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'Tesseract' (Atlas, Mitchell, Riener) - Barbican Theatre

Tesseract by Charles Atlas, Rashaun Mitchell and Silas Riener is an "impressive exploration of the relationship between the human form and technology, in two distinct parts". The performance brought incredible inspiration and awe, by appealingly and interestingly combining contemporary dance performance with art, 3D visuals, technology and music.

Charles Atlas / Rashaun Mitchell / Silas Riener. © Nathan Keay

The first part of the show was entirely screened in 3D and presented a fascinating dance performance by multiple dancers in various settings, such as the black-and-white geometric scenery, Mars-like landscape or IR light-inspired set design and filter. Despite it being difficult to watch the film in 3D at times, the performance displayed immense points of interest. I was particularly fond of the authors’ ingeniosity in incorporating the set design and music into the dance performance, hence creating a specific mood, suspension or feeling of fear and uneasiness. The strong display of geometry was both fascinating and compelling in the way it responded to the choreography. Perhaps the 3D effect allowed the audience to further be a part of the spectacle and emphasised the importance of technology. Indeed, the performance was incredibly innovative because of the way it was presented to the audience.

Charles Atlas / Rashaun Mitchell / Silas Riener, Tesseract, Silas Riener, Ensemble. © Ray Felix / EMPAC

The second part of the performance was an extension to the first, but was live, instead. Here, the contemporary dance performance was at play with live technology and art. The performance was presented through live filming, and the live filming effects and filters enhanced interpretation of the performance. Furthermore, the different positions of the camera had an effect on the meaning of the choreography, exposing technology in a daring and new way. The technology used played an essential role in the perception of the choreography, the dancers, their emotions and expression. At the same time, it played an important aesthetic role – it was incredibly interesting to see how angles (and thus perspectives) changed, how different post-production effects (such as slow motion, visual dissonance) played with the choreography. It was particularly striking for the audience to see the filmed dancing in front of them, whilst, at the same time, view the dancers performing live. The result was the presentation of a multitude of perspectives and perhaps, that was the point of the performance. This was enhanced by a neutral set design and costumes, everything being kept in abstract and geometric aesthetics.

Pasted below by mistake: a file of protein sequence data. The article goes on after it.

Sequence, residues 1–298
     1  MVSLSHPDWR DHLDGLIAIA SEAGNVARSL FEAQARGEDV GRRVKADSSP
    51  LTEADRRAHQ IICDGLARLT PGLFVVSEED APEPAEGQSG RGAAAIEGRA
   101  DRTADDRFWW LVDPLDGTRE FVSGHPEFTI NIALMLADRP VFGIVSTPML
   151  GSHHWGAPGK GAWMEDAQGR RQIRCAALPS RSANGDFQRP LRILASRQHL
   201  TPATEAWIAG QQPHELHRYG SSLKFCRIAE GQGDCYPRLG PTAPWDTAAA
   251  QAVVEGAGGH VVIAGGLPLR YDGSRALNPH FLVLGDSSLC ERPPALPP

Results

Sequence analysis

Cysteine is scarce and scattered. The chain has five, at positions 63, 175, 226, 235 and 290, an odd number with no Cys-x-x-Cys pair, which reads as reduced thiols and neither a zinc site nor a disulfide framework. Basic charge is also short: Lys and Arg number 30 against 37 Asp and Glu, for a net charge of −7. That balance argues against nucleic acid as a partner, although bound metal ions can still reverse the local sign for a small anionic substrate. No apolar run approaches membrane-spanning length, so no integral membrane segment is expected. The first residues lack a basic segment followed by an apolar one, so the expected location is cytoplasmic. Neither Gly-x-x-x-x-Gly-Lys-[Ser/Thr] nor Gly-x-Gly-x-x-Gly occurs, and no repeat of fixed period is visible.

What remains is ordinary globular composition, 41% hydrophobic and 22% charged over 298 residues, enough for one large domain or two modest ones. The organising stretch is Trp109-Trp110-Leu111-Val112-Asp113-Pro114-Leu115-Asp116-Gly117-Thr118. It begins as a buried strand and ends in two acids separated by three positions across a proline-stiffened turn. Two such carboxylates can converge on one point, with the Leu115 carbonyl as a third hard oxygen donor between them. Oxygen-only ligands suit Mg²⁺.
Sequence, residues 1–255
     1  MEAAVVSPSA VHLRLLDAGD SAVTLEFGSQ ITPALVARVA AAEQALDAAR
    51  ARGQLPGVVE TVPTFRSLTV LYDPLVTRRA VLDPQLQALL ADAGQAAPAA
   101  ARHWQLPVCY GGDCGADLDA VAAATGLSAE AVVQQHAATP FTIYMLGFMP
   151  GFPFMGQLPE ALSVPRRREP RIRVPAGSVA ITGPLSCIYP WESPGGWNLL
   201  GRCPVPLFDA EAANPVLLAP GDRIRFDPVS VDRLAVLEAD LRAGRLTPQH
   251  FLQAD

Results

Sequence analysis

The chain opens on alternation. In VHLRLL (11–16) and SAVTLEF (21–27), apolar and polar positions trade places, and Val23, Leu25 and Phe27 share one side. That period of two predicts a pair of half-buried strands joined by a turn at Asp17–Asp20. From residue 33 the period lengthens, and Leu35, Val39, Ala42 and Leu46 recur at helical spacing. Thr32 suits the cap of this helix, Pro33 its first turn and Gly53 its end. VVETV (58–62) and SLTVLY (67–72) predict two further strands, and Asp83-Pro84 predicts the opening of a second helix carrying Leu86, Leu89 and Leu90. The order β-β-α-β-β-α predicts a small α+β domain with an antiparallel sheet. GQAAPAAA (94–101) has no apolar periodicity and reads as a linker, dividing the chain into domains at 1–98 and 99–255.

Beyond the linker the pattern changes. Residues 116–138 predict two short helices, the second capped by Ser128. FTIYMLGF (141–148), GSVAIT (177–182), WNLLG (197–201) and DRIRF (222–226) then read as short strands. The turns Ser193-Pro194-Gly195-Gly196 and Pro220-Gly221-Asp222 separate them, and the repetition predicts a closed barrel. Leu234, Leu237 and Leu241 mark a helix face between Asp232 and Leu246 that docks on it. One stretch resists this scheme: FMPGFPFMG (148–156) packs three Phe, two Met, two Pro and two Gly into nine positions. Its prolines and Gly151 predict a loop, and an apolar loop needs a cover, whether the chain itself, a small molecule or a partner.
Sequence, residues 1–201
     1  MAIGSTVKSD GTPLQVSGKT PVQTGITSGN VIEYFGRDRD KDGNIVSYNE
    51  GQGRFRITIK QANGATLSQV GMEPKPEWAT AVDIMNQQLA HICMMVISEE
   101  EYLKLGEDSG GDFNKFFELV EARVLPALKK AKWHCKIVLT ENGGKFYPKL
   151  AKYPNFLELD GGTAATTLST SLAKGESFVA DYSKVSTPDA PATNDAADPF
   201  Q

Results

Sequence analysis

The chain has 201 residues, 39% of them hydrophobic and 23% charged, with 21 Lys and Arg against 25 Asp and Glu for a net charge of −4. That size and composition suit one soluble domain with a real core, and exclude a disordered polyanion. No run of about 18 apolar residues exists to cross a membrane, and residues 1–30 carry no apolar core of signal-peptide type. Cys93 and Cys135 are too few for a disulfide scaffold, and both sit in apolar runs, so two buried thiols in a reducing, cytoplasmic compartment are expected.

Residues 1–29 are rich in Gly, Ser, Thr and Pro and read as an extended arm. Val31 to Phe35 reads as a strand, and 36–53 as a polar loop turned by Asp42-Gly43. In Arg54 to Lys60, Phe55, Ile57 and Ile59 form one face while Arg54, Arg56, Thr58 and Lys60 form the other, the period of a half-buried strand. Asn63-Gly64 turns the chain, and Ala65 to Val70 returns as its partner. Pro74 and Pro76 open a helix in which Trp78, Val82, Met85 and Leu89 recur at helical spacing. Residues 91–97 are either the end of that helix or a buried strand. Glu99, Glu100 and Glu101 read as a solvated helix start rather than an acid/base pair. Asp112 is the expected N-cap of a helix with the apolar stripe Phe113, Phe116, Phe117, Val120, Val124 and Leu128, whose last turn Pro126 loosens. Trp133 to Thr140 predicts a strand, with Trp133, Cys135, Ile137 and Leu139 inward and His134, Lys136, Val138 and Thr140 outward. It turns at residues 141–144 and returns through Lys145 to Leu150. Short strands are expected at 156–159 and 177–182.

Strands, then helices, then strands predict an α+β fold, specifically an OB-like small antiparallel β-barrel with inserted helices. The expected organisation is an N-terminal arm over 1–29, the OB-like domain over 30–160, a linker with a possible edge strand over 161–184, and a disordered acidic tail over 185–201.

Charles Atlas / Rashaun Mitchell / Silas Riener, Tesseract, Charles Atlas, Ryan Thomas Jenkins, Ensemble. © Mick Bello / EMPAC

The performance was highly thrilling, as a whole, as it presented technology and used it in an innovative fashion. For any technology enthusiast, the way technology enhanced the dance performance and created more interpretations was inspiring. Certainly the application of technology to the arts, such as contemporary dance and performance, is a very innovative way of questioning its use and effect on its users. Even though this never seemed to be implied directly because of its level of abstraction, the performance hinted at the way technology enables its users to share their own perspective.

Charles Atlas / Rashaun Mitchell / Silas Riener, Tesseract, Charles Atlas, Ryan Thomas Jenkins, Ensemble. © Mick Bello / EMPAC

Edited by Evangeline Stanford, Digital Editor



28 February – 2 March

Barbican Theatre

Silk Street, London, EC2Y 8DS

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